Donald Joshua Jaganathan: Digitization of remittances for migrant workers in Malaysia

Welcoming remarks by Mr Donald Joshua Jaganathan, Assistant Governor of the Central Bank of Malaysia (Bank Negara Malaysia), at the Project Greenback 2.0 Kota Kinabalu Dinner, Kota Kinabalu, 3 November 2018.

The views expressed in this speech are those of the speaker and not the view of the BIS.

Central bank speech  | 
05 November 2018

Yang Berbahagia Datuk Yeo Boon Hai, Datuk Bandar, Dewan Bandaraya Kota Kinabalu,

Dr. Firas Raad, Country Manager for Malaysia, World Bank Group,

It is a pleasure for me to be here this evening. On behalf of Bank Negara Malaysia, I would like to express my appreciation to Dewan Bandaraya Kota Kinabalu for hosting Project Greenback 2.0 in this beautiful city; our Project partner, the World Bank, for your continued support and commitment to this important initiative; and to all of you who are gathered here today, for your hard work and dedication to ensure the Project achieves its objectives. I am also delighted that we have representatives from Bangko Sentral ng Pilipinas and Bank Indonesia with us tonight.

Migrant remittances and Project Greenback 2.0

Mr. Juan Somavia, the former Director General of the International Labour Organization based in Switzerland once said "migrants are an asset to every country, where they bring their labour. Let us give them the dignity they deserve as human beings and the respect they deserve as workers".

Malaysia is a land of opportunity for many. Close to 1.8 million foreign workers, men and women, have left their loved ones behind to earn better income here. For many, they are simply chasing the "Malaysian dream". Often, the money they send home is a critical lifeline for their families.

Malaysia is also a major remittance sending country to other ASEAN nations. Last year, migrant workers in Malaysia sent 2 billion USD to Indonesia and the Philippines alone. For the recipient countries, these funds lifted many households out of poverty. In a way, they also supported the countries' socio-economic developments.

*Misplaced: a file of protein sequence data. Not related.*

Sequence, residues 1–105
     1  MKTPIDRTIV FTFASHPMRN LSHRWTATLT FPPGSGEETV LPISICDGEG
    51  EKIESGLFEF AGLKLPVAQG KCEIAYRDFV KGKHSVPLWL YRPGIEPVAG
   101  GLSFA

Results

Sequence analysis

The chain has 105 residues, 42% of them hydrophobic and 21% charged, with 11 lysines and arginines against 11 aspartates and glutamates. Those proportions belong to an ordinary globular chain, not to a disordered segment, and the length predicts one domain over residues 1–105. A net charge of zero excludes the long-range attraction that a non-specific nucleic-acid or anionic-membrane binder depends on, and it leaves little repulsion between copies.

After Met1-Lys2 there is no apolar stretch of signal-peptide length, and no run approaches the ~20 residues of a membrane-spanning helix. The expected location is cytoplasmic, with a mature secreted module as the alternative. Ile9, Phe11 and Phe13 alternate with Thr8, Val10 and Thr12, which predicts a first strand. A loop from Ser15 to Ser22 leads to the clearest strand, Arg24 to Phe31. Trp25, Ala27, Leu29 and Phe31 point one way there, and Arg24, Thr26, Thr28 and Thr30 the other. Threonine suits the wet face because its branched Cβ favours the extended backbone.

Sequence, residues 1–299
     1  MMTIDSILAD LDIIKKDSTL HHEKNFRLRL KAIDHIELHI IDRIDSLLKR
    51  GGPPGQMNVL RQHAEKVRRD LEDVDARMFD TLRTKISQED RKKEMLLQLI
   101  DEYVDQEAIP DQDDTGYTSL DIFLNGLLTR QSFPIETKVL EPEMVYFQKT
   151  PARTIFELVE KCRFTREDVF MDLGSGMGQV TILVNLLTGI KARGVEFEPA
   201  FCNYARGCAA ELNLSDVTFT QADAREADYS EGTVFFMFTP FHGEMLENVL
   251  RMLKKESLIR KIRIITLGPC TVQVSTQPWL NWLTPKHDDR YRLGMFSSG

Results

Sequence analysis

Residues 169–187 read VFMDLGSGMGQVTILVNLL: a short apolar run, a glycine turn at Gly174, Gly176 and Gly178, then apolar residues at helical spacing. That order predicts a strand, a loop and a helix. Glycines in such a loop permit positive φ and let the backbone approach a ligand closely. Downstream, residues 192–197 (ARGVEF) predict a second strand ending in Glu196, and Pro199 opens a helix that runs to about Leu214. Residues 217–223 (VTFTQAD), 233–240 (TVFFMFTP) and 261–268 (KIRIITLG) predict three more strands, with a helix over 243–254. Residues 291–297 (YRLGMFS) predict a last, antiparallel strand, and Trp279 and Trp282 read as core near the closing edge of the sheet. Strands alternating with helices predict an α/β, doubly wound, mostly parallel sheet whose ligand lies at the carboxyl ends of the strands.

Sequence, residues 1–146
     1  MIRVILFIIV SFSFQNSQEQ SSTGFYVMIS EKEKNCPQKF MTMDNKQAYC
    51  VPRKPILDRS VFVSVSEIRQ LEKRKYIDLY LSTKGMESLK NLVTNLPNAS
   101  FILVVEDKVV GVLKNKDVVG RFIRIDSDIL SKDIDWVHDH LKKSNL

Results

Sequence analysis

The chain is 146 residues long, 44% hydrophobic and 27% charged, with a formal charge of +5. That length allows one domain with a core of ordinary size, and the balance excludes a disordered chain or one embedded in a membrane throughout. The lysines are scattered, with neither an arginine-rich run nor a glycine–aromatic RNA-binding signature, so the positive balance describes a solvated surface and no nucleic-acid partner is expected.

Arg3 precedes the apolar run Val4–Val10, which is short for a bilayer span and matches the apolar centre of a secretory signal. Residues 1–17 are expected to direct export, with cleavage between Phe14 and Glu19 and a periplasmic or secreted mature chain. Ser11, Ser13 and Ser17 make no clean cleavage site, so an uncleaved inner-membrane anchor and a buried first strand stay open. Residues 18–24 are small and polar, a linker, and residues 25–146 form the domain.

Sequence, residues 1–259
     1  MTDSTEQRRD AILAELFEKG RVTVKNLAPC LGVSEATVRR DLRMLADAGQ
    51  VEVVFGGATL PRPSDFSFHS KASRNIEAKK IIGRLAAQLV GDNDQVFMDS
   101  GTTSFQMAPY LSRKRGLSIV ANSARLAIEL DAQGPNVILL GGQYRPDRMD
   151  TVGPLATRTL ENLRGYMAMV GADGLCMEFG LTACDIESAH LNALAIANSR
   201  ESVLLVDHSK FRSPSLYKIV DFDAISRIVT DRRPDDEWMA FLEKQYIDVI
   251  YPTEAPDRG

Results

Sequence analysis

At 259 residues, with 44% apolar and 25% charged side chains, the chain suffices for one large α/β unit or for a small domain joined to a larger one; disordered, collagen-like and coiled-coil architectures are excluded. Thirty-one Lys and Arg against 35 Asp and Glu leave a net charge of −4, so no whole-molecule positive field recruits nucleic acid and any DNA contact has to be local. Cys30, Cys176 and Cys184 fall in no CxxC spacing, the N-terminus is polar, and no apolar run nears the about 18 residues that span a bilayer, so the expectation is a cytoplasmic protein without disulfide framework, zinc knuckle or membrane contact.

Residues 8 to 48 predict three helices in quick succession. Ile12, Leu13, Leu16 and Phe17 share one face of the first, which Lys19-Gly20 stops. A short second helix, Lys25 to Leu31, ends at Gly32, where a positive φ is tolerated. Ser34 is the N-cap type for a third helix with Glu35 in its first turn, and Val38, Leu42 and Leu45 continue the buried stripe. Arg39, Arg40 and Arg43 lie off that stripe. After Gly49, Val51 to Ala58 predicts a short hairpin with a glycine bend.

A new game plan: Digitalisation as gateway to greater financial inclusion

This is where our work in Project Greenback 2.0 comes in. We started Project Greenback here in Sabah 8 months ago, with a new game plan - digitalisation. We considered the following factors - around 70% of the migrants here work in the agriculture and plantation sectors; they are scattered across the remote areas;  but one good thing is that majority of them own smartphones. With this, we knew that it was an opportune time to go all out on digitalisation of remittance services. The implementation, however, will be an uphill task because of the geographical barriers we face in East Malaysia.

To ensure we reach out to as many migrants as possible, we collaborated with the plantation companies and organised remittance talks and fairs in the plantations themselves. The participating banks facilitated the migrants to open bank accounts; and remittance service providers taught the migrants how to register and to use their e-remittance services. We also encouraged the plantation companies to pay the migrants' salaries into their bank accounts to eliminate the use of cash for remittance transactions. Of course, digitalisation would not work without good internet connections. We, therefore, engaged Malaysian Communications and Multimedia Commission (MCMC) on possibility of boosting internet connections in the areas where we held the Greenback activities. With digitalisation, migrants can now send money home anywhere, anytime. This eliminates the need to travel great distance to the nearest town, which can be costly and risky at times. The Project team experienced first-hand the numerous logistical challenges just to get into the plantations. A single journey can take about a 3-hour drive from town.

Today, I am happy to note that Project Greenback in Sabah has produced encouraging results. 

  • We have sensitised close to 5,000 individuals.
  • More than 1,600 of them have registered to use e-remittance channels.
  • A total of RM6.9 million equivalent worth of remittances were sent from Sabah using e-channels.